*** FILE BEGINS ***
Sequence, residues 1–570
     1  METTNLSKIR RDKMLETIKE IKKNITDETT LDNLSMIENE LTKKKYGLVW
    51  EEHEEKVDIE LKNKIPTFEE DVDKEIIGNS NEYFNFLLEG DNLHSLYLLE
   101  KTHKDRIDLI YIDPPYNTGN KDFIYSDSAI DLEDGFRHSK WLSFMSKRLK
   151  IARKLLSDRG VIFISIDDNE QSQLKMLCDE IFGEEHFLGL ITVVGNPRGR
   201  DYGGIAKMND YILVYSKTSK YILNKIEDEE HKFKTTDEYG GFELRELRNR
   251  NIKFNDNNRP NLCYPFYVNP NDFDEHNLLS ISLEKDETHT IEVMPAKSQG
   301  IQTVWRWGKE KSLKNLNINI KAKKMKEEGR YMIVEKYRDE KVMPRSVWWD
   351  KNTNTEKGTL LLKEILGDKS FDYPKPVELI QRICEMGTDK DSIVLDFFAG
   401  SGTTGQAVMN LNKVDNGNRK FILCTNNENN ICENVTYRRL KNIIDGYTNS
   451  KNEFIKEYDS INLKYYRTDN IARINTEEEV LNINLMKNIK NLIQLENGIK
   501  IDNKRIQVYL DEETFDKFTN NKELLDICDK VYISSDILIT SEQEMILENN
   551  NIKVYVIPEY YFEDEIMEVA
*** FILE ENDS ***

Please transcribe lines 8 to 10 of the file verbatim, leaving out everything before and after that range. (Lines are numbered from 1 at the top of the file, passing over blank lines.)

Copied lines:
   301  IQTVWRWGKE KSLKNLNINI KAKKMKEEGR YMIVEKYRDE KVMPRSVWWD
   351  KNTNTEKGTL LLKEILGDKS FDYPKPVELI QRICEMGTDK DSIVLDFFAG
   401  SGTTGQAVMN LNKVDNGNRK FILCTNNENN ICENVTYRRL KNIIDGYTNS